Although Arroyo Seco means "dry canyon" in Spanish, there's nothing dry about the hike that some naturists take to visit some of the county's best swimming holes between Soledad and Greenfield, off Highway 101. But you need to be in top physical condition to make the trek. Nudists walk, wade and swim to get from one end of a dozen swimming holes to the other and past several waterfalls, including one that some naturist groups occasionally climb down. The water is up to 40 feet deep, and the canyon walls form 100 foot towers. Being nude is "the recommended attire, as any clothes you choose to wear will be soaked," says Rob van Glabbeek. "I hiked and swam for two hours," reports reader Franz Gall. "It's a beautiful place." But don't visit during or just after the end of the rainy season or you may find the whole area under water. And to avoid hassles in this part of the Ventana Wilderness, don't go nude on weekends, when families tend to be present.
Part of Los Padres National Forest.
From Salinas, take Highway 101 south past Soledad to Arroyo Seco Road. Follow Arroyo Seco west to the U.S. Forest Service campground in Arroyo Seco Canyon. The entrance fee is $5 a car. "A lot of picnic people are at the entrance of the canyon," says Gall. "But you won't see them after 10 minutes of walking. Go through the picnic area right along the river. There aren't any signs or maps. You can walk for about an hour until you come to a point where you have to start swimming every 10 minutes. The water's crystal clear. The stones aren't covered with anything slippery, so it's a really easy hike. But you should use sneakers."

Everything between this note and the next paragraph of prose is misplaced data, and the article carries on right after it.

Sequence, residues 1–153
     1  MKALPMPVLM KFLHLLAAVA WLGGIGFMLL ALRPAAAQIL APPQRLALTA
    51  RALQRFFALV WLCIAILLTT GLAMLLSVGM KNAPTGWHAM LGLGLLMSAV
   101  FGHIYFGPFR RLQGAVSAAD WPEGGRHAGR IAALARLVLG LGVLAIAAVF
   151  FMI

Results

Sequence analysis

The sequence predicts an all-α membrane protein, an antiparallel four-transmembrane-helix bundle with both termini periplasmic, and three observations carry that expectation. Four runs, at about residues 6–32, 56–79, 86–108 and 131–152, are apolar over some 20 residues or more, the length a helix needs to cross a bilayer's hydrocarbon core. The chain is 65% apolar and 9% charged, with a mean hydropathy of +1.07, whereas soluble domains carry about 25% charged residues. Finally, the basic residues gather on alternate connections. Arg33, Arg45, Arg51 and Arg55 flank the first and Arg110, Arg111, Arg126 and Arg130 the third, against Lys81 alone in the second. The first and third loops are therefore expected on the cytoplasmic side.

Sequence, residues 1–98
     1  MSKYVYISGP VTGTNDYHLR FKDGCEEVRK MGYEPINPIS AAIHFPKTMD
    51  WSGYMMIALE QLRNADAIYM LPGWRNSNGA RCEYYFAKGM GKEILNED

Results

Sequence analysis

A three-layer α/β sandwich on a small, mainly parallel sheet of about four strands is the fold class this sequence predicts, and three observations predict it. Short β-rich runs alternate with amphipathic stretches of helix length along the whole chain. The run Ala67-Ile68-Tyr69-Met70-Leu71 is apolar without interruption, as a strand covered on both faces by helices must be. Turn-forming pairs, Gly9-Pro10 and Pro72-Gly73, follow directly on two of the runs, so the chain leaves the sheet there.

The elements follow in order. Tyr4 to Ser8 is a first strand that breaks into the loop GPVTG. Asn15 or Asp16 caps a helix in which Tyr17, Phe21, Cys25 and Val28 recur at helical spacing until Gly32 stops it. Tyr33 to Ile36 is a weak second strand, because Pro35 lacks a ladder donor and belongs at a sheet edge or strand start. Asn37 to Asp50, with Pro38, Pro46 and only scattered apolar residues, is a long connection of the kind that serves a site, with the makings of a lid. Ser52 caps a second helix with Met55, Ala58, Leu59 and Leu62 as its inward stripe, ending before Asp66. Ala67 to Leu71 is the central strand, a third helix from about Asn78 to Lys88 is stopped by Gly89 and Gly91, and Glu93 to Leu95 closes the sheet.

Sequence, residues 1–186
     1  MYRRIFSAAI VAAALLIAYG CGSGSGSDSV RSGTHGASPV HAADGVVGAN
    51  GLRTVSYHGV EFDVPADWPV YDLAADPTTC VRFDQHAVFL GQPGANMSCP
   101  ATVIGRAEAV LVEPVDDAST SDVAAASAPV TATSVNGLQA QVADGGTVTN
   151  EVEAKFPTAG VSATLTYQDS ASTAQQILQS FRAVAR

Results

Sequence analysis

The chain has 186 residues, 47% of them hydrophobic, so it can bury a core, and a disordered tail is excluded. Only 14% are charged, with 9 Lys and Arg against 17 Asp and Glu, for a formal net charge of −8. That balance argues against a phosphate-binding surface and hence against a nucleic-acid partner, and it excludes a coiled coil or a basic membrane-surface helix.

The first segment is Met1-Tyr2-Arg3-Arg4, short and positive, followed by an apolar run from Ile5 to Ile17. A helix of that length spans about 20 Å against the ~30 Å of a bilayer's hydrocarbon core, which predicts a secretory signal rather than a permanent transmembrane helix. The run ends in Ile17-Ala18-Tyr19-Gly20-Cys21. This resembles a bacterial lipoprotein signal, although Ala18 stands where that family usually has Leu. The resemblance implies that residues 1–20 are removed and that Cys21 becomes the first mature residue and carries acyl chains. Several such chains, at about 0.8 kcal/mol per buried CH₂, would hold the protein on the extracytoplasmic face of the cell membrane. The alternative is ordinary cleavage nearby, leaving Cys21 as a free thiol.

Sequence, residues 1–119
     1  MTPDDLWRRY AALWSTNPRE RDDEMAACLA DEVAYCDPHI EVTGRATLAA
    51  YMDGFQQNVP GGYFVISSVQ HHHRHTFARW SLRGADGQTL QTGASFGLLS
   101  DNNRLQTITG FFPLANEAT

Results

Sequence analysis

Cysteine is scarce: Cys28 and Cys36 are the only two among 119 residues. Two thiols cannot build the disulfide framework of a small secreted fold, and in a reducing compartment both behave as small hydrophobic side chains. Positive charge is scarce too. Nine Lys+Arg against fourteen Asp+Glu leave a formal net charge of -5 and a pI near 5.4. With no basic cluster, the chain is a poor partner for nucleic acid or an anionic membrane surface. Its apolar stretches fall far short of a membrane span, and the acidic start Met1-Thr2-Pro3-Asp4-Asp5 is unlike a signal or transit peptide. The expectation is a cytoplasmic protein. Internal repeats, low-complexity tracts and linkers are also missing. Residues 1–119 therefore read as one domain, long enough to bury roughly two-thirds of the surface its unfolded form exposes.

See above for description. Along the lower stretches of the canyon, you will have your pick of numerous pools.
Arroyo Seco's lower four miles of swimming holes are visited by only a few hardy hikers during the week. On weekends, clothed users take over.
Users must swim and hike and be in good physical shape; mornings often cool; lack of precise directions; no easy way out in emergency; entrance fee; after heavy rains the river covers access.
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